IGT / IFG/T2DM + any of the two below ↑ waist: hip ratio  > 0.9  > 0.85 Elevated Blood Pressure > 140/90 mm Hg Elevated Triglycerides > 150mg/dl Low HDL cholesterol Microalbuminuria

16 Prevalence of the Metabolic Syndrome
EGIR % ATPIII % IDF % Women (n=289) 6 7 8 Men (n=279) 13 18 19 Men

17 Revised IDF Criteria for the Metabolic syndrome
Measure Categorical cut points Elevated waist circumference Population-and country-specific definitions M<88cm F<80cm Elevated triglycerides (drug treatment for elevated triglycerides is an alternate indicator) >150 mg/dL Reduced HDL cholesterol (drug treatment for reduced HDL cholesterol is an alternate indicator) <40 mg/dL for males and <50 mg/dL for females Elevated blood pressure (drug treatment for elevated blood pressure is an alternate indicator) Systolic >130 mm Hg and/or diastolic >85 mm Hg Elevated fasting glucose (drug treatment for elevated glucose is an alternate indicator) >100 mg/dL Criteria for Clinical Diagnosis of the Metabolic Syndrome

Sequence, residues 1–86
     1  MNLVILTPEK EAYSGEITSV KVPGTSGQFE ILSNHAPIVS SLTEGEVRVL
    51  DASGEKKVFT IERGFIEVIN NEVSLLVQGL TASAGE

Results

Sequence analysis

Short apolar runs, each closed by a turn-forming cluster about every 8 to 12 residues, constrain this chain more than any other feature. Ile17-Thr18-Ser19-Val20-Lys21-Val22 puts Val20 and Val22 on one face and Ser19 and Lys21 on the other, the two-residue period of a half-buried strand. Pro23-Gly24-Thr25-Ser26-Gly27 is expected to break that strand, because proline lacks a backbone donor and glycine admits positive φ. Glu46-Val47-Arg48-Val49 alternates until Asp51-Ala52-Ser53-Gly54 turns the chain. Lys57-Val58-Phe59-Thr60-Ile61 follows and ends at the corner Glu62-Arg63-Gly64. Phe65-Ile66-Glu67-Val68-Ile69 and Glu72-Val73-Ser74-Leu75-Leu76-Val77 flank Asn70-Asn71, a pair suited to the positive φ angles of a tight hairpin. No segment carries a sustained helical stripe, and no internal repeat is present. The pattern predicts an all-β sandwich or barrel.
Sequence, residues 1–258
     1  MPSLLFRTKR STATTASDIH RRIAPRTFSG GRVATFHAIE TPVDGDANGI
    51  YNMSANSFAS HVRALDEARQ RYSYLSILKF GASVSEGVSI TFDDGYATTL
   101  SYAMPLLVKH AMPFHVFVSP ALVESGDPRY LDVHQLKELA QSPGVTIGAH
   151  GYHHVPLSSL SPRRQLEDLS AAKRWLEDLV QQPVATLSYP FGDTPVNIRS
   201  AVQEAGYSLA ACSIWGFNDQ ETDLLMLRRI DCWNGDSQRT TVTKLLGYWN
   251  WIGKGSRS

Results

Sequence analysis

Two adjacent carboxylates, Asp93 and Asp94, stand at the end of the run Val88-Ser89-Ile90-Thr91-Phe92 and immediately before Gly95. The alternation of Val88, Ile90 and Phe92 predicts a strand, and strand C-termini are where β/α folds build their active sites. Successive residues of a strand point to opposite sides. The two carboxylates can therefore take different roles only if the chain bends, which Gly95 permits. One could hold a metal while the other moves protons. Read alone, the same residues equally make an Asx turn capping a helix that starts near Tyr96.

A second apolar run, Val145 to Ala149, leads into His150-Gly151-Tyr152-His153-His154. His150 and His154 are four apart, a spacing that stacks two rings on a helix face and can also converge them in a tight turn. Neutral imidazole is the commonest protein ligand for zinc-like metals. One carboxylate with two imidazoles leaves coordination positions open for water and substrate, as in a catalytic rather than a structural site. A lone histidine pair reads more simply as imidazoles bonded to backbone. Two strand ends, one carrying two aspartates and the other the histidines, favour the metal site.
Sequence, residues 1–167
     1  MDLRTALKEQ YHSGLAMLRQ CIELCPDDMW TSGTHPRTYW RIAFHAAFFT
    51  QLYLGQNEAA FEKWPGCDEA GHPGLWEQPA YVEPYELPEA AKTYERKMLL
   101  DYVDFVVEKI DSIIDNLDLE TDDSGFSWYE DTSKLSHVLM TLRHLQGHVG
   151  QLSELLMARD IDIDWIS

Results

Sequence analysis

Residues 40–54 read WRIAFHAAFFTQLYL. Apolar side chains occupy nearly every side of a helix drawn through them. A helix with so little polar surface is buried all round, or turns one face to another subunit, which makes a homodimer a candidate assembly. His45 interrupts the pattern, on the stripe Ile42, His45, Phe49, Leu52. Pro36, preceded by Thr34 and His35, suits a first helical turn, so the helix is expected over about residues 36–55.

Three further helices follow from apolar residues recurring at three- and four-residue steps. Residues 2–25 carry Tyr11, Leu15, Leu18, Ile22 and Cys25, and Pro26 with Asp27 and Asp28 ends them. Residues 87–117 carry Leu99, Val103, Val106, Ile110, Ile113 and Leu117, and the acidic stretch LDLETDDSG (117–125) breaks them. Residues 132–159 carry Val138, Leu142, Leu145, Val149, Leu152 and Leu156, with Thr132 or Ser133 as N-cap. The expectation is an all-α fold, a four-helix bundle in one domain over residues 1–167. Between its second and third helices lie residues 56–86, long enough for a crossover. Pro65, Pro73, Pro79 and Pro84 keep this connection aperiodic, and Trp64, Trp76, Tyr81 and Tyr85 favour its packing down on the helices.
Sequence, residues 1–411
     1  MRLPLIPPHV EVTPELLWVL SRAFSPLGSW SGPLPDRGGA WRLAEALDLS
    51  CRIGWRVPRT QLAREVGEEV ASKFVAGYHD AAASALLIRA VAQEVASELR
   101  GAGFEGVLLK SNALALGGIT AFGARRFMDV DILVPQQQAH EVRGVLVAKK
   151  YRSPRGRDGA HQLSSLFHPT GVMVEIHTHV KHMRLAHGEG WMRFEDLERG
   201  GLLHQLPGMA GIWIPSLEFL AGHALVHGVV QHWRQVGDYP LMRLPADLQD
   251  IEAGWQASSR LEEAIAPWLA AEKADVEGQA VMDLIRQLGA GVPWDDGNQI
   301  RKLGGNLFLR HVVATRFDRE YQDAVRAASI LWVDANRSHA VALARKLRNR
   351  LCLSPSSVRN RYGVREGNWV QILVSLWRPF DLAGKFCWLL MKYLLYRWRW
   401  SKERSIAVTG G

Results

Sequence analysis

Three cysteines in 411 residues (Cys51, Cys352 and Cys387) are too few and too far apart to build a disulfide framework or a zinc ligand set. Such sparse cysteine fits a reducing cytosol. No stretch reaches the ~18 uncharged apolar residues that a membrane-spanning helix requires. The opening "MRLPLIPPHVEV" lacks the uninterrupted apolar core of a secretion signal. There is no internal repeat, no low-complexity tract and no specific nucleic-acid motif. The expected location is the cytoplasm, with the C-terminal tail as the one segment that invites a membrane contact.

18 BMI vs WHR in relation to CHD risk
Yusuf S et al. Lancet 2005;366:1640-9

19 Klein S et al. NEJM 2004;350:

20 Classification Type 1 Diabetes/LADA Type 2 Diabetes
Other Specific Types Gestational Diabetes

21 Type 1 Diabetes ß-cell destruction, leading to absolute insulin deficiency Immune-mediated diabetes (common) Idiopathic diabetes.

22 Type 1 Diabetes Insulitis

23 Immune System Innate Immunity Acquired Immunity NK T Cells T Cells
B Cells NK Cells Macrophages Dendritic Cells Granulocytes

24 Autoimmune destruction